UK Study Evaluates The Impact Of Pandemic On Relationships

According to a recent UK study, out of five adults, more than one experienced a complete relationship breakdown either at home or at work in the past year. People in the younger age group were more likely to have been affected by the above. According to the study, anxiety over one’s finances and the loss of jobs, including the inability to see other people outside the household, could have played a significant role. According to the study done by University College London, a quarter of people reported that their relationships with their partner or spouse took a turn for the worse during the pandemic, with a quarter reporting difficulty with co-workers. The study also found that a complete relationship breakdown was experienced by more than one-fifth of adults (22%) with either friends, co-workers, family or neighbours. Adults in the age group 18-29 were most likely to have experienced a breakdown in a relationship. However, not all relationships took a turn for the worse, almost half of young adults (46%) mentioned that their relationships with either spouse or partner improved over the past year which is higher than adults in the age group 30-59 and those over sixty. The study, which is still ongoing, is funded by the Nuffield Foundation with support from (UKRI) UK Research and Innovation and Wellcome. More than seventy thousand people have participated in the study over the course of seventy two weeks.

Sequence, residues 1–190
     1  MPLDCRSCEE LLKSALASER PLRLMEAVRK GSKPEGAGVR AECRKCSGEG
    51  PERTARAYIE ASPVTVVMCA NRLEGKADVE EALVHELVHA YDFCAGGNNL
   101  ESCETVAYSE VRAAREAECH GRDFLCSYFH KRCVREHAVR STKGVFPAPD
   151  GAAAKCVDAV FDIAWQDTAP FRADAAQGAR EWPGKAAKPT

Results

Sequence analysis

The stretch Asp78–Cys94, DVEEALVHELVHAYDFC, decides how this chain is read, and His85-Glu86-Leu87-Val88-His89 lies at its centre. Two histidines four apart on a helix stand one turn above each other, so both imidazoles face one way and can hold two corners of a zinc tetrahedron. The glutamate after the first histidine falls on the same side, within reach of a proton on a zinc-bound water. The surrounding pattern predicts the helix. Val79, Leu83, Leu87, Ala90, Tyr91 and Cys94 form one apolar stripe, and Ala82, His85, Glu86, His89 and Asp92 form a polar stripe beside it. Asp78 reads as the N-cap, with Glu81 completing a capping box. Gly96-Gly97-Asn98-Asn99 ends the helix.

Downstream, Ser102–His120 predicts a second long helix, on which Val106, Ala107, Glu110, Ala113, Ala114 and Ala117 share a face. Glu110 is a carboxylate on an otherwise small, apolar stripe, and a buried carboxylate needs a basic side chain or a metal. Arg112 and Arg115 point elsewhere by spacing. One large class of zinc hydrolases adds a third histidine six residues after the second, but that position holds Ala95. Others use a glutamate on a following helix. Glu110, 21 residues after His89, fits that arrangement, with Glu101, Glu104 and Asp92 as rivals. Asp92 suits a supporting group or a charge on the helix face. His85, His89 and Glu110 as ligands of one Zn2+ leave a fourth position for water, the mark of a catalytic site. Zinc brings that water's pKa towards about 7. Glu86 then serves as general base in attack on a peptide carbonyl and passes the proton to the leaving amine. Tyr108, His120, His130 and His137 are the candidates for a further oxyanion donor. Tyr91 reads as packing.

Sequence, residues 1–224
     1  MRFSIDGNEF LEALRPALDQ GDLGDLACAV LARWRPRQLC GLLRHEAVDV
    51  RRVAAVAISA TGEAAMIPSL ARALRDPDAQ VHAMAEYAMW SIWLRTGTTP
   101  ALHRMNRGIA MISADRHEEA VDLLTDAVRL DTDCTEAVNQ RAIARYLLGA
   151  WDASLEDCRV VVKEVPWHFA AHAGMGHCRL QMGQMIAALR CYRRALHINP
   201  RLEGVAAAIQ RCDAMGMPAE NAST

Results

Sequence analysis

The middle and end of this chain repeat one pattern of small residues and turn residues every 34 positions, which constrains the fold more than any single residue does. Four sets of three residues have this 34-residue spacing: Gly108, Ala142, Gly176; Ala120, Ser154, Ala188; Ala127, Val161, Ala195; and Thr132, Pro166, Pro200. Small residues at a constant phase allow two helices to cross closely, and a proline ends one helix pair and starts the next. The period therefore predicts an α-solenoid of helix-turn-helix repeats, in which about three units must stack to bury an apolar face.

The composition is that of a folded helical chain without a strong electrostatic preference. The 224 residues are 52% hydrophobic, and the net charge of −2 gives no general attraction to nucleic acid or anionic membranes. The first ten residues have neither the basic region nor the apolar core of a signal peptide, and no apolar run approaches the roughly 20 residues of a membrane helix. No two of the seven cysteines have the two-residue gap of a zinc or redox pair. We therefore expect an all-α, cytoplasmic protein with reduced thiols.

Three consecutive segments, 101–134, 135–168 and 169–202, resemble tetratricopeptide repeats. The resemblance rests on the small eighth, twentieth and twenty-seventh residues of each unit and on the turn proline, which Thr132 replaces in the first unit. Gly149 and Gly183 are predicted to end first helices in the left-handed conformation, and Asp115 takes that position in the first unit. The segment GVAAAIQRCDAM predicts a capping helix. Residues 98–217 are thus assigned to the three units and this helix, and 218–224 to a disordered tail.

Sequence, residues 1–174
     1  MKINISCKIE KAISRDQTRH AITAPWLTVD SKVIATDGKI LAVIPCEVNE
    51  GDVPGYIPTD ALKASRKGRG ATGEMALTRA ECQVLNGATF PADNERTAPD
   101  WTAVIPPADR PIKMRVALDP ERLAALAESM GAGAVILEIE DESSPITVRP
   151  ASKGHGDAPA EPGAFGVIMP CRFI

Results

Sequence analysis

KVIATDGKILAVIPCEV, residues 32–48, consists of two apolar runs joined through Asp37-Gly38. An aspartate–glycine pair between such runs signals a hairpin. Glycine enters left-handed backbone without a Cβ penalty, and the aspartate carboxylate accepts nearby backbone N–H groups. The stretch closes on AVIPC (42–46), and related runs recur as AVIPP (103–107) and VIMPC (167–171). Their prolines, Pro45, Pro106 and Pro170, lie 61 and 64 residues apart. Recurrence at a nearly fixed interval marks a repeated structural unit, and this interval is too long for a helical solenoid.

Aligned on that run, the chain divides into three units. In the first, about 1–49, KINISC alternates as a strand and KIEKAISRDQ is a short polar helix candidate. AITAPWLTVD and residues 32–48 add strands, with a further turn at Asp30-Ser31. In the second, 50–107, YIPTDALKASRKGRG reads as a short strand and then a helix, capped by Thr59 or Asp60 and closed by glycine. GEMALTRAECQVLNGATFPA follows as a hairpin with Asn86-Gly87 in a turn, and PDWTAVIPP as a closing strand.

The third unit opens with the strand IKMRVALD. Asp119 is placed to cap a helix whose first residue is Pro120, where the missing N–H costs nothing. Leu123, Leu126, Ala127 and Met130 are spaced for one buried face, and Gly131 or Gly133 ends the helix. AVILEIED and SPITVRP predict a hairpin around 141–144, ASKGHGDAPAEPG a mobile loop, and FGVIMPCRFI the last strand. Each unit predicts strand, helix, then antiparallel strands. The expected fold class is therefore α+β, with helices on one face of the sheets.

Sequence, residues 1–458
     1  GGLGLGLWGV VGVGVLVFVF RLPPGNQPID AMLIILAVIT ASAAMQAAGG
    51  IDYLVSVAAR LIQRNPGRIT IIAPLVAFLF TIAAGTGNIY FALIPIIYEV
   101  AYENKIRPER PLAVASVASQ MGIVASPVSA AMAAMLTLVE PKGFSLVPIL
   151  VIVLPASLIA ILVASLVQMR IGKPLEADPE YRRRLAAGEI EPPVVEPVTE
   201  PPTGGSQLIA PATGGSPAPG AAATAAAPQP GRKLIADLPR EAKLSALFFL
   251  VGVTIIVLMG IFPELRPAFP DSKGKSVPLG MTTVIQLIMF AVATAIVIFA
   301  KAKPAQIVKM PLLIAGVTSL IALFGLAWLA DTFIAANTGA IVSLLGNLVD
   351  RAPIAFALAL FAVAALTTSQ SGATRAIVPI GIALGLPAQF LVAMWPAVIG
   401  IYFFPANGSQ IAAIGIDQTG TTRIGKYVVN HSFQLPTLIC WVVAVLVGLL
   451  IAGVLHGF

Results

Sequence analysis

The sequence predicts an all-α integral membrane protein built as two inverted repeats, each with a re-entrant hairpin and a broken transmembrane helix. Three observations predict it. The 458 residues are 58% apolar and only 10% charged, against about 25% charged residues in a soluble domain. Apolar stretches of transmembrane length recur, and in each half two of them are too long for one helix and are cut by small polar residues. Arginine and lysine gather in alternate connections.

Dr Elise Paul, who is the lead author of the study said the report reflected “the mixed impact of the Covid-19 pandemic,” adding “Younger adults reporting a better relationship with their spouse or partner may have benefited from furlough or remote working allowing them to spend more time together. On the other hand, the stress of the pandemic and lockdown measures which prevented people from seeing those outside their household may have contributed to the breakdown of other relationships, particularly those with people who do not live close by.”

“Again, this shows the disproportionate impact of the pandemic on those whose lives were changed the most, whether through the curtailing of an active social life, or the stress of frontline roles or insecure employment.”

The Nuffield Foundation’s education programme head Cheryl Lloyd said “Younger adults are not only more likely to have reported a relationship breakdown than older age groups but, in recent months, they are also more likely to have reported concerns about catching or becoming seriously ill from Covid-19, worries about their finances and lower levels of life satisfaction. This research is well placed to inform policy decisions by providing valuable insights into the particular challenges different generations continue to face.”

The percentage of people who were worried about catching the virus currently appears to be at thirty one percent from a high of thirty six percent during the end of the third lockdown. The same group of people are running an international network of researchers. The international team is collecting and combining results from mental health studies in over seventy countries.